The faith of the patient has much to do with his recovery, for the Indian has the same implicit confidence in the shaman that a child has in a more intelligent physician. The ceremonies and prayers are well calculated to inspire this feeling, and the effect thus produced upon the mind of the sick man undoubtably reacts favorably upon his physical organization.
The following list of twenty plants is used in Cherokee practice will give a better idea of the extent of their medical knowledge than could be conveyed in a lengthy dissertation. The names are given in the order in which they occur in the botanical notebook filled on the reservation, excluding names of food plants and species not identified, so that no attempt has been made to select in accordance with a preconceived theory. Following the name of each plant are given its uses as described by the Indian doctors, together with its properties as set forth in the United States Dispensatory, one of the leading pharmacopœias in use in this country.4 For the benefit of those not versed in medical phraseology it may be stated that aperient, cathartic, and deobstruent are terms applied to medicines intended to open or purge the bowels, a diuretic has the property of exciting the flow of urine, a diaphoretic excites perspiration, and a demulcent protects or soothes irritated tissues, while hæmophytes denotes a peculiar variety of blood-spitting and aphthous in an adjective applied to ulcerations of the mouth.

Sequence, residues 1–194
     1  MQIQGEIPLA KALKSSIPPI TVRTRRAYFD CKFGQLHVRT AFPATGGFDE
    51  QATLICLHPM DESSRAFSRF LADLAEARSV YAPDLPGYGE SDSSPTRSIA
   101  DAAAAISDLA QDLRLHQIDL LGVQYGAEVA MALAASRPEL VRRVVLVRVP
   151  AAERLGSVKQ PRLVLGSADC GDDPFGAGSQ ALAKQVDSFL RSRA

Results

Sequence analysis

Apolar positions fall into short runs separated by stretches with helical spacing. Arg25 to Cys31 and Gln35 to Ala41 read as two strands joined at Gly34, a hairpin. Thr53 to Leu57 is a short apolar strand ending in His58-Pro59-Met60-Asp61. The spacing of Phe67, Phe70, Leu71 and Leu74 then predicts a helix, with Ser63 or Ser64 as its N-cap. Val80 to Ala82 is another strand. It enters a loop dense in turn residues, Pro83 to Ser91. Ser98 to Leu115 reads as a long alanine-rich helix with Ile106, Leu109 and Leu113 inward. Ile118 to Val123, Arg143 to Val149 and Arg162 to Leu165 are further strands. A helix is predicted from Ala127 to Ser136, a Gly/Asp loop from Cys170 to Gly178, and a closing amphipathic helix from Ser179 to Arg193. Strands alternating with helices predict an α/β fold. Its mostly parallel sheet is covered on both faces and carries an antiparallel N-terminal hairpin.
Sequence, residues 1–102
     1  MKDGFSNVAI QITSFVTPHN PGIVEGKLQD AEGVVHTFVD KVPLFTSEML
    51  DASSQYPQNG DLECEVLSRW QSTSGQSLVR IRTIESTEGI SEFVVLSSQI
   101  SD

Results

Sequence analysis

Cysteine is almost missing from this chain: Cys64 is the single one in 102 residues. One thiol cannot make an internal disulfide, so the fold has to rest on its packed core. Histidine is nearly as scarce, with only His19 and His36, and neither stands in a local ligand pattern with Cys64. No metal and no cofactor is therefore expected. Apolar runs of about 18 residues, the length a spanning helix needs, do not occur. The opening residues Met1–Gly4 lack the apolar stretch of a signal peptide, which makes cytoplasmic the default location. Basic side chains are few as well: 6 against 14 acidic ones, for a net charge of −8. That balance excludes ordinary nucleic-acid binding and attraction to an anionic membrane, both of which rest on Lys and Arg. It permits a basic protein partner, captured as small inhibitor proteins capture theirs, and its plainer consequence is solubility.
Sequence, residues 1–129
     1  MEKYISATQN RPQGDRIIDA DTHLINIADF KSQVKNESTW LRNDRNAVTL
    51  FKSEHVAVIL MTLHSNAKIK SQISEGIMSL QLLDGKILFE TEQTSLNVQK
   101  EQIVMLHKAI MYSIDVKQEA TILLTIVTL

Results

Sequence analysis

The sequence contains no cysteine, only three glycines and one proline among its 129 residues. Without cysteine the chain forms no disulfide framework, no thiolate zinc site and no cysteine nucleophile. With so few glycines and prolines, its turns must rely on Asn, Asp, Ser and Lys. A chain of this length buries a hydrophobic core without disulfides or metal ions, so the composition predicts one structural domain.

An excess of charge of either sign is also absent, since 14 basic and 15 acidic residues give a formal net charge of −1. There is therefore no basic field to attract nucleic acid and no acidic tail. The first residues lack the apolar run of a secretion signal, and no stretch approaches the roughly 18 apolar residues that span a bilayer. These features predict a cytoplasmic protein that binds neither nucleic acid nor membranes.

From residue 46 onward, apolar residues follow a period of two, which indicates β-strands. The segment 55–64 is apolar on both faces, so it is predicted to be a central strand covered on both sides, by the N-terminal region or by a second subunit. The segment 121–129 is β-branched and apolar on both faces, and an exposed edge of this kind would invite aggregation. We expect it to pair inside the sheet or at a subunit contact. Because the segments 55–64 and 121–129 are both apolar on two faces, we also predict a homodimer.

1One of the high peaks in the Smoky Mountains, on the Tennessee line, near Clingman’s dome.
* These statements are in the words of the original author, and not reflective of the beliefs of the transcriber.
2Haywood, John; Natural and Aboriginal History of East Tennessee, 267-8. Nashville, 1823.
3Ibid., p. 281.
*The u shape on the I is upside down, but is an outdated character.
*The u shape on the I is upside down, but is an outdated character.
4Wood T. B., and F.: Dispensatory of the United States of America. 14th ed. Philadelphia, 1877.
5The Cherokee plant names here given are generic names, which are the names commonly used. In many cases the same name is applied to several species and is it is only necessary to distinguish between them that the Indians use what might be called specific names. Even then the descriptive term used serves to distinguish only the particular plants under discussion and the introduction of another variety bearing the same generic name would necessitate a new classification of species on a different basis, while hardly any two individuals would classify the species by some characteristics.